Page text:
The South Australian Liberal Party risks damaging investor and public confidence in the natural gas industry by moving to establish a Parliamentary inquiry into hydraulic fracturing – an industry practice that has been used safely in the State for many decades.
APPEA’s Chief Operating Officer Western Region, Stedman Ellis, said the inquiry proposed by the Member for Mt Gambier had little basis in science.
Mr Ellis said the South Australian Parliament needed to be wary that it did not provide a megaphone for people who want to undermine the industry and the investment and jobs it provided.
“South Australia has consistently been ranked in international surveys as the most attractive Australian state for oil and gas investment,” Mr Ellis said.
“But this hard-earned reputation will be at risk if groups ideologically opposed to the industry are given a platform to spread fear and misinformation.
“The reality is that numerous investigations and studies here in Australia and overseas have already clearly demonstrated that hydraulic fracturing, when properly regulated, poses minimal risk of environmental harm.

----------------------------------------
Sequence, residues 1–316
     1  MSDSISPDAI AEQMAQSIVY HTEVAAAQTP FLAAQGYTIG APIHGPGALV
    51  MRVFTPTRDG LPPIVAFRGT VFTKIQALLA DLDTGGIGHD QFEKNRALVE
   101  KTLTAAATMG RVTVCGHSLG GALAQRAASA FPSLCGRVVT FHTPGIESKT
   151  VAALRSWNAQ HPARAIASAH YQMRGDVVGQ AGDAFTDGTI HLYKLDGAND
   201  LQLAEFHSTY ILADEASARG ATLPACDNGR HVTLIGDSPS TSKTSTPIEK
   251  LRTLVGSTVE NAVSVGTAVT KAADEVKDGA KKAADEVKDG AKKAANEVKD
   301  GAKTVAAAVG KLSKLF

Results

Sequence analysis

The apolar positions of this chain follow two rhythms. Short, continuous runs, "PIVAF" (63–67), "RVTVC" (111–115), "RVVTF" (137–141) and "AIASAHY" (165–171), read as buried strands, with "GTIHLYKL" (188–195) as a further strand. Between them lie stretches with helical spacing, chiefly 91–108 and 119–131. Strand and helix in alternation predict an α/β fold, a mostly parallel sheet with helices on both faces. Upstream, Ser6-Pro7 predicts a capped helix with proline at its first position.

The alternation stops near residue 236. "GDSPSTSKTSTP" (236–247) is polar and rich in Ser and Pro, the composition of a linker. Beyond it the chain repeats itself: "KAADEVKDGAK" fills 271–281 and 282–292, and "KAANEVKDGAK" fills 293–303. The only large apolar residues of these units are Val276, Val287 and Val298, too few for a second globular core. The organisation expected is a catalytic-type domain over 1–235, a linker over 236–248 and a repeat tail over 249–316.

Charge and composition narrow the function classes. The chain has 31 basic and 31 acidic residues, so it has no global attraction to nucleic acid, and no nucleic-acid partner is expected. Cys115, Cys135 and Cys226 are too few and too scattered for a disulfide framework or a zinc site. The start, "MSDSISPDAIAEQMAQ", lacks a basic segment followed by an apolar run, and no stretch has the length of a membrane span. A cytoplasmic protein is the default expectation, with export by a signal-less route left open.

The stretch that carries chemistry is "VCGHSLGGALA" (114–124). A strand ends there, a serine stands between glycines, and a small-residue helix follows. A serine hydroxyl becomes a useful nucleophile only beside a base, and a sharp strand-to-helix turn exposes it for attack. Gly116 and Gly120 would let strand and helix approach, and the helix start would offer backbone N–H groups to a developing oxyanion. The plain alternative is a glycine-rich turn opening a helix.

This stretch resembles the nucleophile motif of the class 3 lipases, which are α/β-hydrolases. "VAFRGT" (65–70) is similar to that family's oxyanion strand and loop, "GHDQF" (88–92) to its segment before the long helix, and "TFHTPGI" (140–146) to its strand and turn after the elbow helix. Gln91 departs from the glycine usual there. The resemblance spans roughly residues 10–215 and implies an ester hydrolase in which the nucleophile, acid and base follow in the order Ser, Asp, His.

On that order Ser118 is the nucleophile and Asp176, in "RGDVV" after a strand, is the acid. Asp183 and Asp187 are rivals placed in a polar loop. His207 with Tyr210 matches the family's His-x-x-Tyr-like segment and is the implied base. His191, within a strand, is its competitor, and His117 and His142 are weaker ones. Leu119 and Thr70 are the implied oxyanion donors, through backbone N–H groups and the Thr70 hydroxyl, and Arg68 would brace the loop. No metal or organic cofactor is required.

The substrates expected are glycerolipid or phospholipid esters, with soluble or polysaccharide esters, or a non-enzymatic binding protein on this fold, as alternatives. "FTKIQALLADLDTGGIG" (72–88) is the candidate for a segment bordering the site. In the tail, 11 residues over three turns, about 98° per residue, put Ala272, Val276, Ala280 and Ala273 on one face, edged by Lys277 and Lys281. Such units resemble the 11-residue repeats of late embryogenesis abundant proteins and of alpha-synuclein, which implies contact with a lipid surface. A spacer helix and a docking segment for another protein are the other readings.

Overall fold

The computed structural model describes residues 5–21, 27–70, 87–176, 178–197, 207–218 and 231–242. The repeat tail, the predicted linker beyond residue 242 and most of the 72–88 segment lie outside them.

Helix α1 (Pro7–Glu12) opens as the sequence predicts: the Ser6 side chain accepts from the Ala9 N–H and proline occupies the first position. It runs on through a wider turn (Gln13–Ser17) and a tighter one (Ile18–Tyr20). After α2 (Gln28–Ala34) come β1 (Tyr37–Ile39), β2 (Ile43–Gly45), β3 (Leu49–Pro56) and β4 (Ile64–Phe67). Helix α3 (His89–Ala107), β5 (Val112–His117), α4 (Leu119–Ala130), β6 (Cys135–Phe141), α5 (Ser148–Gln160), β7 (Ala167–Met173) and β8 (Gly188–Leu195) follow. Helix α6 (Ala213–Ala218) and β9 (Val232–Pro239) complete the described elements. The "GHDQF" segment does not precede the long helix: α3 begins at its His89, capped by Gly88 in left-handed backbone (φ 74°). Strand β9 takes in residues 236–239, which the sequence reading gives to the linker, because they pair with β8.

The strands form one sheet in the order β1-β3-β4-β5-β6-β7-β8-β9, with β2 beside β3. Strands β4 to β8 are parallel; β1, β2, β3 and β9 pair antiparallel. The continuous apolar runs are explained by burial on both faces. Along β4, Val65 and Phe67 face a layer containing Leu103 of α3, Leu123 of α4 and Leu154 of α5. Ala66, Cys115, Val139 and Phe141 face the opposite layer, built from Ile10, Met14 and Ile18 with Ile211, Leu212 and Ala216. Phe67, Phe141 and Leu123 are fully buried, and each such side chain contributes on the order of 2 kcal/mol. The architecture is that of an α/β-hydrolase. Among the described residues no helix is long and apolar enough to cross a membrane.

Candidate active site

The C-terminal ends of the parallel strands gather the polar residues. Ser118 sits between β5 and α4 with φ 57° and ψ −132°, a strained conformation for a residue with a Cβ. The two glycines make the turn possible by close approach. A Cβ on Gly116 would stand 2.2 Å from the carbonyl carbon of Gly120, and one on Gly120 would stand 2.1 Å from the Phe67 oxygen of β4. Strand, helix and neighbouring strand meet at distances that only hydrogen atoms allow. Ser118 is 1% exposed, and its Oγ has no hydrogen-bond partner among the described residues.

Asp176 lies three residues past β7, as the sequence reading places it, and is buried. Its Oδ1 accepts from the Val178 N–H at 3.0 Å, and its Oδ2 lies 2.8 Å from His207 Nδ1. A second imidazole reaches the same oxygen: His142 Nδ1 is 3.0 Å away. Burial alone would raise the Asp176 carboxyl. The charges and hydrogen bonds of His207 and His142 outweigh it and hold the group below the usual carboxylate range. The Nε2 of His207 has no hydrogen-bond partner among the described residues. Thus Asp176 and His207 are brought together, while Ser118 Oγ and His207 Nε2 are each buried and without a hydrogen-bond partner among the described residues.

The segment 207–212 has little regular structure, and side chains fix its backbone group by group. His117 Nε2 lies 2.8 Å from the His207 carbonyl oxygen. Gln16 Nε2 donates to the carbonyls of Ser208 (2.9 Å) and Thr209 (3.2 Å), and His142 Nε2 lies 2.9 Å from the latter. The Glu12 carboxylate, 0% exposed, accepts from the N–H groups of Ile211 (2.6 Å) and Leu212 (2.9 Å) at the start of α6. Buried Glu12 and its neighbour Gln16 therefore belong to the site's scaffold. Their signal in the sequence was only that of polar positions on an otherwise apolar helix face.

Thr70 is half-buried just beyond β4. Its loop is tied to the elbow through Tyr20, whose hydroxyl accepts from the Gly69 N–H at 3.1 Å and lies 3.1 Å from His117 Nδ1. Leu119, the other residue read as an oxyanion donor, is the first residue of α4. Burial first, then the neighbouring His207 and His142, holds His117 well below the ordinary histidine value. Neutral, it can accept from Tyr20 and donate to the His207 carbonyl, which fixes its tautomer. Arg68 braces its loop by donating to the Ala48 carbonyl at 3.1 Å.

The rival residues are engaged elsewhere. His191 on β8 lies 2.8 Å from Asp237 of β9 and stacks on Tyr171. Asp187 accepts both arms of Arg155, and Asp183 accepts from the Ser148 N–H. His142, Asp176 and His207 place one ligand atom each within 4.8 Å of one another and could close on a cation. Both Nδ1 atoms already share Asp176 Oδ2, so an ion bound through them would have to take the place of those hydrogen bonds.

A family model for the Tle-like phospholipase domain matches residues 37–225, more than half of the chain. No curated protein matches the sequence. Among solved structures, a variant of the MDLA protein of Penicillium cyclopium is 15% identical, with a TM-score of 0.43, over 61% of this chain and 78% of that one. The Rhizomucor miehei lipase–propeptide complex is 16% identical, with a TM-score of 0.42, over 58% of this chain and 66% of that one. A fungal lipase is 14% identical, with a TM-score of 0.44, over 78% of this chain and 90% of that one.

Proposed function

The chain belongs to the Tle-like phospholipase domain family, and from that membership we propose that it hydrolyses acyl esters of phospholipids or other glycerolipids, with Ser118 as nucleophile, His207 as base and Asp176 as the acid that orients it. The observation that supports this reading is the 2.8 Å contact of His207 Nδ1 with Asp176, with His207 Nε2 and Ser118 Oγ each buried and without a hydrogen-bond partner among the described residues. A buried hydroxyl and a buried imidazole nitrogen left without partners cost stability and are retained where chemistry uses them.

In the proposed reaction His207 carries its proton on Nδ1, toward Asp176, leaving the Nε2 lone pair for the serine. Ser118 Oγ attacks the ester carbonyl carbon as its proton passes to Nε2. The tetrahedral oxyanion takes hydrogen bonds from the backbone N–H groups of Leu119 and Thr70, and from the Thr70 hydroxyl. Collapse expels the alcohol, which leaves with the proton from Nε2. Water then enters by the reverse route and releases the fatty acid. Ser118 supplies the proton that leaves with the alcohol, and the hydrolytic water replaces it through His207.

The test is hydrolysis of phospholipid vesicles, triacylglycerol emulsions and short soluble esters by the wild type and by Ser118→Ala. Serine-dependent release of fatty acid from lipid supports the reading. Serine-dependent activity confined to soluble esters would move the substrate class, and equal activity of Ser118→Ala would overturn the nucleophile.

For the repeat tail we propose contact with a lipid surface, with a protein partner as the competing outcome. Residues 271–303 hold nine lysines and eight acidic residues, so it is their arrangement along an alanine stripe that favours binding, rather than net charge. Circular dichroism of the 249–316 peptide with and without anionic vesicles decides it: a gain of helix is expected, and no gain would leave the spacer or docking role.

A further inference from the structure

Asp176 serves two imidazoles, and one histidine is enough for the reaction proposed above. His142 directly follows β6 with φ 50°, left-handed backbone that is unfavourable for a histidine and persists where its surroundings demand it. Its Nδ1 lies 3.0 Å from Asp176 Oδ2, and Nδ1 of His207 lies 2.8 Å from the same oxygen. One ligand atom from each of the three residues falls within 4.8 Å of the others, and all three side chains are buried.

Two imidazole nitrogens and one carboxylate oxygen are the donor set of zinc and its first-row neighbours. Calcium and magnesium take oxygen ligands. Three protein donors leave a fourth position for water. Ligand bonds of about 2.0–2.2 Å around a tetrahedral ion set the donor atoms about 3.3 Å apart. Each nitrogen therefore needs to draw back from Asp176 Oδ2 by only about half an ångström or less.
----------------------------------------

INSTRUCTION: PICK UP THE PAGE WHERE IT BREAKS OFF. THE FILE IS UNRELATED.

“This is also confirmed by the industry’s strong safety record here in South Australia where more than 700 wells have been ‘fracced’ in the Cooper Basin without any adverse impact.”
Mr Ellis said the industry was committed to genuine consultation with communities in South-East South Australia and to providing fact-based information to people who had genuine concerns.
But a recent investigation in Western Australia which found that claims made in advertising by anti-gas activists had been “deceptive and misleading” showed that some green groups were not interested in facts.
“These are the same groups who will be lining up to appear before a Parliamentary inquiry,” Mr Ellis said.
“MPs need to think carefully before giving them a licence to damage an industry that is important to the future of South Australia.”